The latest smartphone sales data from Kantar Worldpanel suggests Apple had a tougher time shifting its devices over Chinese New Year than in prior years, with the market watcher noting no growth in marketshare for iOS over the three months ending February 2016 — the first time since August 2014 that Apple has not grown share in urban China, according to its data.
Between February 2015 and February 2016 iOS shed 3.2 percentage points, according to Kantar.
Meanwhile, over the same period, Android increased its share of sales in China by almost the same amount — gaining 3.4 percentage points to take a 76.4 per cent share of the market vs 73 per cent in the year ago period.
Android smartphone maker Huawei, which just yesterday unveiled a pair of new flagship smartphone co-branded with Leica, recaptured the top spot on the phone brand leader board, accounting for around a quarter (24.4 per cent) of phones sold in the region, according to Kantar’s sales data — just ahead of Apple’s 22.2 per cent.
Huawei has been bucking the trend of slowing global smartphone sales growth in recent quarters, with analyst Gartner noting the mobile maker grew 53 per cent in Q4 last year — its best year over year performance ever — outperforming rivals, including Samsung.
Other Chinese smartphone brands noted as performing well in the region by Kantar include Meizu and Oppo, which it said both showed “strong” year-on-year growth, capturing around 6 per cent of smartphone sales apiece.
Elsewhere, in Europe’s big five markets Android grew its share “steadily”, although performance varies considerably by market — with the OS, for example, taking a 90 per cent share in Spain vs a mere 55.5 per cent in the UK.
Kantar notes that in the UK almost half (42 per cent) of the smartphone market falls in the premium category, while in Spain affordability is clearly the key driver for smartphone purchases — given Android near total dominance of the mobile landscape in the country.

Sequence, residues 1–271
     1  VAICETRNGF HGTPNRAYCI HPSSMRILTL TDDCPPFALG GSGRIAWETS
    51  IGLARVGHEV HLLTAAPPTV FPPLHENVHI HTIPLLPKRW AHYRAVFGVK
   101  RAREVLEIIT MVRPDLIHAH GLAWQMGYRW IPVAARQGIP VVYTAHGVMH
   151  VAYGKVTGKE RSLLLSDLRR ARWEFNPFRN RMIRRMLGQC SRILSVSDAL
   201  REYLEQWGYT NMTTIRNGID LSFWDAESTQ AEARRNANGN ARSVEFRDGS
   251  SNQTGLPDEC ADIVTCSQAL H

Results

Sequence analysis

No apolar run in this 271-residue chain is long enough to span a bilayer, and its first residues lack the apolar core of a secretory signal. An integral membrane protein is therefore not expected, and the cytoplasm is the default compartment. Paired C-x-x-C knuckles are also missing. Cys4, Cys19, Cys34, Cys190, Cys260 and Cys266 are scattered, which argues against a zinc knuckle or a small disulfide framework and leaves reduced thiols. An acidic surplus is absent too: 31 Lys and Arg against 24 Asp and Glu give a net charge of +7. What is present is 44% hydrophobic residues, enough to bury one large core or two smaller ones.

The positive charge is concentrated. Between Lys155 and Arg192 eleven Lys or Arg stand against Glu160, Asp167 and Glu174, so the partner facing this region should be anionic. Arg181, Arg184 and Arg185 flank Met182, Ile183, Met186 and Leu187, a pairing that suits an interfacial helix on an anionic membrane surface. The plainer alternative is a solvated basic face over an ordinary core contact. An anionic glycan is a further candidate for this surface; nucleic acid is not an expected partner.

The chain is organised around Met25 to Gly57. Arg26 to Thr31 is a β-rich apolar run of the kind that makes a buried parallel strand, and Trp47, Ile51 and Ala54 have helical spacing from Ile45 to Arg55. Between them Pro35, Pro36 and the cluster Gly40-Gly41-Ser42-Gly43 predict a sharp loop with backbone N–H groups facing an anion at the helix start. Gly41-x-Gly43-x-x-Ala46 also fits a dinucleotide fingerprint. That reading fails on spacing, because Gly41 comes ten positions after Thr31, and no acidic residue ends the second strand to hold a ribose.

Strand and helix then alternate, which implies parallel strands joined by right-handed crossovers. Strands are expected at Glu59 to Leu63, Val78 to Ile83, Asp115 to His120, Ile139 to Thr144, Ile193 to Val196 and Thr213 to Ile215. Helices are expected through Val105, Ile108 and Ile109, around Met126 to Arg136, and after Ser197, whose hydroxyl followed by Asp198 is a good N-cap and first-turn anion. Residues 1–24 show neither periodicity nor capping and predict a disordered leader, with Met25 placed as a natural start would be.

Another tidbit from the data: the average selling price for smartphones in the US — where Android took a 58.9 per cent share — was $352. Kantar says that means around 69 per cent of Android buying consumers reported spending less than $350 on their device, vs some 39 per cent of iOS buyers.
It reckons those economics represent “a unique opportunity” for Apple’s newly launched smaller iPhone SE, given its $399 price point could appeal to more cost-conscious first-time smartphone buyers who might otherwise buy an Android smartphone. Or who are holding onto an old iPhone rather than upgrading. Albeit, time will tell how well the iPhone SE will sell.
The market watcher also reckons there are a “significant number” of potential buyers of Apple’s smallest iPhone in China, otherwise priced out of buying its flagship devices. And given iOS’ sales squeeze in the region over Chinese New Year, Cupertino will doubtless be hoping a downsized iPhone can fire up a regional growth engine again.